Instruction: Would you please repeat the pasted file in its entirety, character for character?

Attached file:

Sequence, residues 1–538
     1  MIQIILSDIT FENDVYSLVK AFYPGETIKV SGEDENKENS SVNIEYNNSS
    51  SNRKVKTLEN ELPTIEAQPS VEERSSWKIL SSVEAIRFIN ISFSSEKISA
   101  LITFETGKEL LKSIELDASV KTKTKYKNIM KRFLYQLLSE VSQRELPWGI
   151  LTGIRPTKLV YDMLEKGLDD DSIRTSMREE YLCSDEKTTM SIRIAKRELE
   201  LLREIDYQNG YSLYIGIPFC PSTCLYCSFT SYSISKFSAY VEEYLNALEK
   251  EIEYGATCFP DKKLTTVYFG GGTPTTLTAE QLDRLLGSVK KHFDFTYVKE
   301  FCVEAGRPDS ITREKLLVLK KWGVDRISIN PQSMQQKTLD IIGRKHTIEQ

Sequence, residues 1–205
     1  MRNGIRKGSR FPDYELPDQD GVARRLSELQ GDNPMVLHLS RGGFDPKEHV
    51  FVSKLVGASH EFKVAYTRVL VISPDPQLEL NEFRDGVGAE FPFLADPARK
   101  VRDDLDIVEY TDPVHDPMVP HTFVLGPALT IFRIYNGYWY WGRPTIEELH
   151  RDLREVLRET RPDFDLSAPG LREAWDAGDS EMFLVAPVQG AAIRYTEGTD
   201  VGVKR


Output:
Sequence, residues 1–538
     1  MIQIILSDIT FENDVYSLVK AFYPGETIKV SGEDENKENS SVNIEYNNSS
    51  SNRKVKTLEN ELPTIEAQPS VEERSSWKIL SSVEAIRFIN ISFSSEKISA
   101  LITFETGKEL LKSIELDASV KTKTKYKNIM KRFLYQLLSE VSQRELPWGI
   151  LTGIRPTKLV YDMLEKGLDD DSIRTSMREE YLCSDEKTTM SIRIAKRELE
   201  LLREIDYQNG YSLYIGIPFC PSTCLYCSFT SYSISKFSAY VEEYLNALEK
   251  EIEYGATCFP DKKLTTVYFG GGTPTTLTAE QLDRLLGSVK KHFDFTYVKE
   301  FCVEAGRPDS ITREKLLVLK KWGVDRISIN PQSMQQKTLD IIGRKHTIEQ

Sequence, residues 1–205
     1  MRNGIRKGSR FPDYELPDQD GVARRLSELQ GDNPMVLHLS RGGFDPKEHV
    51  FVSKLVGASH EFKVAYTRVL VISPDPQLEL NEFRDGVGAE FPFLADPARK
   101  VRDDLDIVEY TDPVHDPMVP HTFVLGPALT IFRIYNGYWY WGRPTIEELH
   151  RDLREVLRET RPDFDLSAPG LREAWDAGDS EMFLVAPVQG AAIRYTEGTD
   201  VGVKR